While the rest of the Western world decorates their cities for Christmas with Christkindlmarkts and reindeer lights, Argentina, which is south of the equator, soaks up the throes of summer.
Stores have special holiday sales, and, as Dec. 24 gets nearer, more and more presents are bought, wrapped and carefully hidden from excited children.
In many ways, an Argentinian Christmas is just like the one you might celebrate with your family. But in other ways, it is completely different from the commercialized holiday that we know and love in North America and Europe.
How to Celebrate Christmas Like an Argentinian
Dec. 24 is the biggest holiday of the year in Argentina. During the day, parents run around from store to store trying to find those last-minute gifts. Toy stores are the most popular this time of year, because the gift-giving tradition is mostly reserved for children, and adults rarely get presents.
Once all the gifts have been bought and wrapped, they are hidden from sight until midnight on Christmas Eve. Some people go to church before dinner for Mass, but it’s not a tradition that all Argentinians practice. People usually go to a family member’s house and have a big dinner around 9 or 10 p.m.
Last year, my mother and I spent Christmas with some Argentinian friends in Tres Arroyos, which is in the Buenos Aires province and close to the Atlantic coast. It was my second Argentinian Christmas and my mother’s first.
What sticks out to me, an American, is how calm the whole ordeal is down south, but also how incredibly welcoming the people are and how delicious the food is.
Special Foods are Saved Just for Christmas Time
The Argentinians make special foods that they wait all year long for, and only eat on Christmas, like pionono, a sweet bread rolled up like a cinnamon roll and filled with layers of ham, tuna or veggies and covered with a topping of cream cheese. There are several different kinds of pionono.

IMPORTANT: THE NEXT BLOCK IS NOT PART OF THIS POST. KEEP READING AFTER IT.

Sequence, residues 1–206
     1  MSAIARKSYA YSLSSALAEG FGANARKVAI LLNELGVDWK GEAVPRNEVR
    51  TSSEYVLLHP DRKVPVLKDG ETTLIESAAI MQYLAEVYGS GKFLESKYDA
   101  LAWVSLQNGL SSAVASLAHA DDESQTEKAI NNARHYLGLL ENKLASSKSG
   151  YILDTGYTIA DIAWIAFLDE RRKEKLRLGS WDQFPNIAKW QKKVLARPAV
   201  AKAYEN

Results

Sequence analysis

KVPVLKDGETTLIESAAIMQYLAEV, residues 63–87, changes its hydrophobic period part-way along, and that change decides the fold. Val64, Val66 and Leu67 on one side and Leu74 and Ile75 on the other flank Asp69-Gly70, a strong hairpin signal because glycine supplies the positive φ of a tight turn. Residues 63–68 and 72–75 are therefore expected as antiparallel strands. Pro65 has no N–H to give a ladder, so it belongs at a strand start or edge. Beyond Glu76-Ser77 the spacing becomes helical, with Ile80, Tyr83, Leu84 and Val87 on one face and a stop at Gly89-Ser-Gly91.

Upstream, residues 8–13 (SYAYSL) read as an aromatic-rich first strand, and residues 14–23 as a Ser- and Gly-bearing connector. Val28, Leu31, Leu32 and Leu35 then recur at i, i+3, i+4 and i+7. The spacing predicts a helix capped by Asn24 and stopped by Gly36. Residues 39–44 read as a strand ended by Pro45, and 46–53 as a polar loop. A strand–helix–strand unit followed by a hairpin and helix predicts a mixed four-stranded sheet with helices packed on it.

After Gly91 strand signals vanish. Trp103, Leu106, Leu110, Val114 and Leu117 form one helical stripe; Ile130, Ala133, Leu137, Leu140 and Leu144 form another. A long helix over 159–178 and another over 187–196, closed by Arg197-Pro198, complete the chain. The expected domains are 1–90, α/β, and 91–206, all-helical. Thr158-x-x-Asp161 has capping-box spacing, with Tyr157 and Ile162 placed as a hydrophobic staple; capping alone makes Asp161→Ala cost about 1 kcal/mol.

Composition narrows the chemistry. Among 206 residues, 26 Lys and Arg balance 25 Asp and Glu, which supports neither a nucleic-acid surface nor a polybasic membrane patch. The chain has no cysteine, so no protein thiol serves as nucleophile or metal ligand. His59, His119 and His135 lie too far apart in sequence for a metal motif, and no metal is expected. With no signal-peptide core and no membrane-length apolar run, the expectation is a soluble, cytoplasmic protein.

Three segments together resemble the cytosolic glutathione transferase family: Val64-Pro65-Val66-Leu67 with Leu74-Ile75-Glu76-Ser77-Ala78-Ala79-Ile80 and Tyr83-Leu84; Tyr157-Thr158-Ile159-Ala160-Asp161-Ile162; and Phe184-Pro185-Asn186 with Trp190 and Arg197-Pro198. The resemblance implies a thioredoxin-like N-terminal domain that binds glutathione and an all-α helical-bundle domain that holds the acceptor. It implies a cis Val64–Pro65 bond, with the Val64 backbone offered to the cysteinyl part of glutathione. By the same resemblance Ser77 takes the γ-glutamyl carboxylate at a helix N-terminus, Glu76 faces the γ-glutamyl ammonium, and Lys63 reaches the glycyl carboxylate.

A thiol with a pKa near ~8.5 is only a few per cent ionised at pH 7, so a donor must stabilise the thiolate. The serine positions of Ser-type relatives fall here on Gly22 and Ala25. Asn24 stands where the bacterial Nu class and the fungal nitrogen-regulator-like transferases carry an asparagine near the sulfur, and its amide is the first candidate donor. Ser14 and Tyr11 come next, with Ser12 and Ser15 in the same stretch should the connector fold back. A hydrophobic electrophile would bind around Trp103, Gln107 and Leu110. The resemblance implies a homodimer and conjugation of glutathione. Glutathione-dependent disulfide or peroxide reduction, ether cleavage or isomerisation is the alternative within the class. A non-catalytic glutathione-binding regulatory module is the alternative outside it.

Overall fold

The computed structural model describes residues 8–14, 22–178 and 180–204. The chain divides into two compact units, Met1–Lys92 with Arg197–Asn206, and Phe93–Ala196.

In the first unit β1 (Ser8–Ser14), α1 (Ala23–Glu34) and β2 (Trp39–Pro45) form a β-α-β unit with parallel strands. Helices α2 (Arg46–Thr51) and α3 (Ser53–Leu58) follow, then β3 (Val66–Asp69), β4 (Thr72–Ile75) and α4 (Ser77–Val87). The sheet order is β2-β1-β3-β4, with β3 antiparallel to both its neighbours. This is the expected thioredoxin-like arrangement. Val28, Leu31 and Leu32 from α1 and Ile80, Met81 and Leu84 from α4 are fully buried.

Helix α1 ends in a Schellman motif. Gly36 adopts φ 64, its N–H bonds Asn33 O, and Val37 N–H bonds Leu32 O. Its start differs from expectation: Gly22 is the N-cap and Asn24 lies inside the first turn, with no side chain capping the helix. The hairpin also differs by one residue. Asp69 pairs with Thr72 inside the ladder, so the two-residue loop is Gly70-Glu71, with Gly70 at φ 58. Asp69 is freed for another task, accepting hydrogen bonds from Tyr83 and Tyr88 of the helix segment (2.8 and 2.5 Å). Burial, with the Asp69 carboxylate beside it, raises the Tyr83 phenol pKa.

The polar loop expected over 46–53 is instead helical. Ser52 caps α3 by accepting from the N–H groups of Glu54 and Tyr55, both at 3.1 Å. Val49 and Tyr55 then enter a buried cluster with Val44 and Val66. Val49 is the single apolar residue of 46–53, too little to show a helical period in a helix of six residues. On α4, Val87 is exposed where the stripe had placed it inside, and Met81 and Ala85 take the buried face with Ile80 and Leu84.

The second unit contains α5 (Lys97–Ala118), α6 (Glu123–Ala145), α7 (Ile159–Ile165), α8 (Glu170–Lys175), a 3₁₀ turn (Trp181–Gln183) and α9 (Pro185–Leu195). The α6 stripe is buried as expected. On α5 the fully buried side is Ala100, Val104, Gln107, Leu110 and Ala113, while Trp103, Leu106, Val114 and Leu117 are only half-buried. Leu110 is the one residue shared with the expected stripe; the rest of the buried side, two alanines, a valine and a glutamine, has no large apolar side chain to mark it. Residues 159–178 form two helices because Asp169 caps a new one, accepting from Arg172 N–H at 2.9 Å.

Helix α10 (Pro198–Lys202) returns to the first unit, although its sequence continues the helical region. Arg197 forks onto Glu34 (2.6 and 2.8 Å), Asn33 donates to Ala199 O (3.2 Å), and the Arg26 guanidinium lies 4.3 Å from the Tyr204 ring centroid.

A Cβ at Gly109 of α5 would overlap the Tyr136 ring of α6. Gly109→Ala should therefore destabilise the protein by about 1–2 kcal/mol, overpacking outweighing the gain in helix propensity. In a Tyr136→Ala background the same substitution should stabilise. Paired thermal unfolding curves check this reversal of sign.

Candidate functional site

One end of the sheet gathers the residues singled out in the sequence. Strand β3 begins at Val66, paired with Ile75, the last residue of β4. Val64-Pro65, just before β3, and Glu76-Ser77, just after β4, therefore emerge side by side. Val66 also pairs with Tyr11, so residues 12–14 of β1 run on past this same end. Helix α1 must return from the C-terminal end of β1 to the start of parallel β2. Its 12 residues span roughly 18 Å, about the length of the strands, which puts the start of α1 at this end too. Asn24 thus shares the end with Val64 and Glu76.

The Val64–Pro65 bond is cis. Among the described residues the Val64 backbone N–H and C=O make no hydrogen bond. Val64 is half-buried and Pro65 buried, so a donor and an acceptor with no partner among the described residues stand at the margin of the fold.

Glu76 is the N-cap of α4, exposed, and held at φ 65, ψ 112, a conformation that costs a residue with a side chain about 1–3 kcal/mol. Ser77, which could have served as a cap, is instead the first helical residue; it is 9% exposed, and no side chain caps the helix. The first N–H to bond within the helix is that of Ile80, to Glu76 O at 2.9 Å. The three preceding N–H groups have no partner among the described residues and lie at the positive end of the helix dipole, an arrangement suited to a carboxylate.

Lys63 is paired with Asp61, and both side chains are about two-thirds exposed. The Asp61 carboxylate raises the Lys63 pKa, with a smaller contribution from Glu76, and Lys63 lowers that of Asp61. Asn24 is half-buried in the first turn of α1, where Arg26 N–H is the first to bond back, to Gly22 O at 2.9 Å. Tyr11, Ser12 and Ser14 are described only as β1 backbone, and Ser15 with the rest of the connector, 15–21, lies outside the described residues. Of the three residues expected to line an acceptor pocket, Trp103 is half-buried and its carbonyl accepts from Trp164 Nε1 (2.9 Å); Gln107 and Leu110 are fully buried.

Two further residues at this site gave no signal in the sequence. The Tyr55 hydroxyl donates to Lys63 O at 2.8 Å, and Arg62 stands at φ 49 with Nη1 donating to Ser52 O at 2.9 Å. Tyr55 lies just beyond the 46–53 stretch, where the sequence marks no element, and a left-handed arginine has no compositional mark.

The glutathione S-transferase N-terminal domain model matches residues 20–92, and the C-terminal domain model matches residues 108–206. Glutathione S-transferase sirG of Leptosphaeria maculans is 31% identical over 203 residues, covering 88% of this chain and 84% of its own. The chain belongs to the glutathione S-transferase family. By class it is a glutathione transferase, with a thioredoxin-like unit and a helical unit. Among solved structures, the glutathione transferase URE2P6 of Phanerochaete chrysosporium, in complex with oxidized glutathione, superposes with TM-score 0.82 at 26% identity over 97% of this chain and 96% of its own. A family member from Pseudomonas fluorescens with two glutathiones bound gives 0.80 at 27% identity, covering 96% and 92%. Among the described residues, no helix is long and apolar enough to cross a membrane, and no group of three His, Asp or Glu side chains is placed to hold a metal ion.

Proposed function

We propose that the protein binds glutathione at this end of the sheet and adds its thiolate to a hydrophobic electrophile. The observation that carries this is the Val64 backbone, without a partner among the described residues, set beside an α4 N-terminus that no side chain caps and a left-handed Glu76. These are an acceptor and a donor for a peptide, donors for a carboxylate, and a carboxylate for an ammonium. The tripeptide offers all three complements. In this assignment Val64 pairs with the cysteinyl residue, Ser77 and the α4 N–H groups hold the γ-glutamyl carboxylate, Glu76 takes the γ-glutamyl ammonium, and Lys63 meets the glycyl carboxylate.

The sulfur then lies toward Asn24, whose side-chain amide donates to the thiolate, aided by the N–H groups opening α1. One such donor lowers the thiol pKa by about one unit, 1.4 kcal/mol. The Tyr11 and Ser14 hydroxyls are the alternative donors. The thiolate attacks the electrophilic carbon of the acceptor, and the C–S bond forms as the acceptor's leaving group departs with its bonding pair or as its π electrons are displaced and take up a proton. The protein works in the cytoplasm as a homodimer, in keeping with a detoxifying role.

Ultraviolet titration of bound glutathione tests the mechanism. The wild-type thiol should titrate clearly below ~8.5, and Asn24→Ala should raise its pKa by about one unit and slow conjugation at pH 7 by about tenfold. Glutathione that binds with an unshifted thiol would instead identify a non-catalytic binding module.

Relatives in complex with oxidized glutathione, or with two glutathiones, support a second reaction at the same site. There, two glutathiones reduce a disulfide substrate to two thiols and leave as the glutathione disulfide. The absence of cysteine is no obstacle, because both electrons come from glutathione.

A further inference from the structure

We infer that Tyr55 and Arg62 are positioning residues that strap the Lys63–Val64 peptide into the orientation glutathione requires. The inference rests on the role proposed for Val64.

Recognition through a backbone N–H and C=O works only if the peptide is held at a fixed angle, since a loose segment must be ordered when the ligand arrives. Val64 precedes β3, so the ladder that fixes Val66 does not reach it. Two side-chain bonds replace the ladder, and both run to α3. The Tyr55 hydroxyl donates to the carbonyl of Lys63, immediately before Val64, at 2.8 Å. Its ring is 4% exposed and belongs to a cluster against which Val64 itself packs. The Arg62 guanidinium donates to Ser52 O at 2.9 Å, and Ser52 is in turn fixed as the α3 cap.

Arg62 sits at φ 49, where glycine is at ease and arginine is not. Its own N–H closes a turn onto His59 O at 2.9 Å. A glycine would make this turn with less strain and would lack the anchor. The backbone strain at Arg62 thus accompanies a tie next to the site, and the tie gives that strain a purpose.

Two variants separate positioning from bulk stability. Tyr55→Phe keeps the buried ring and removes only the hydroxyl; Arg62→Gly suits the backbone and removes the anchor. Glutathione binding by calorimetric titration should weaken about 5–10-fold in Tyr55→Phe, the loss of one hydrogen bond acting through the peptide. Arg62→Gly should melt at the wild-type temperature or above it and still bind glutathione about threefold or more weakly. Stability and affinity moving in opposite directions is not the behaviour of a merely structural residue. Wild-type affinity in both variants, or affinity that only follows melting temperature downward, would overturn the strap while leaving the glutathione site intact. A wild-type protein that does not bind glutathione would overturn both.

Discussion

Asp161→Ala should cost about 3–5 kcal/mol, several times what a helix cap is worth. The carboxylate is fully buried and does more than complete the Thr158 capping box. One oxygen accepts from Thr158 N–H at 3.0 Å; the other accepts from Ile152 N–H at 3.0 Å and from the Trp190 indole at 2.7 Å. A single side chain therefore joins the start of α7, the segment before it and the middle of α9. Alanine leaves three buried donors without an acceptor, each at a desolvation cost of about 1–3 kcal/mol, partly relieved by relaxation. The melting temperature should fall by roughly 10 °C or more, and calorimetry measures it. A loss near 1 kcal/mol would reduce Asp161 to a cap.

For dessert, many Argentinians eat fruit salad with dulce de leche, pan dulce or Italian panettone (which are both like a fruit cake) or a special Christmas cake with dulce de leche and sweet cream. The dinner lasts until about midnight, which is when the real fun begins.
At midnight, the kids run outside to watch the fireworks, which people set off from the streets in front of their houses. Sometimes you can see multiple mini-firework shows from one spot on the street.
The adults follow with glasses of Champagne, and someone usually makes a Christmas toast. When the fireworks are over, everyone goes back inside to find that presents have been left under the Christmas tree by Papa Noel, or Santa Claus, as he is otherwise known.
When the last gift has been opened and all the pan dulce is gone, people finally go home and go to bed. It is typical for people to not go anywhere on Dec. 25. Kids wake up and play with their new toys, and some people have a second Christmas dinner, but it is usually a very calm day.
No Sounds of Christmas Carols
Argentinians are not as big of fans of Christmas carols and movies as Americans are. The radio stations don’t play Christmas tunes all season long, and Hallmark isn’t such a big deal that far south.
Without all the caroling, Christmas Day sounds a lot like any other day in an Argentinian household. Because it is often hot outside, most people stay home or go to the beach, if it’s nearby.
We opted for the beach Christmas, which is something I had never experienced before. We slept in, waited for the heat to pass, and then drove to the coast around 5 p.m. We were able to spend a few hours splashing in the waves before the sun went down and the mosquitoes came out. There is nothing quite like a beach sunset, especially when you’re with people who love you on Christmas Day.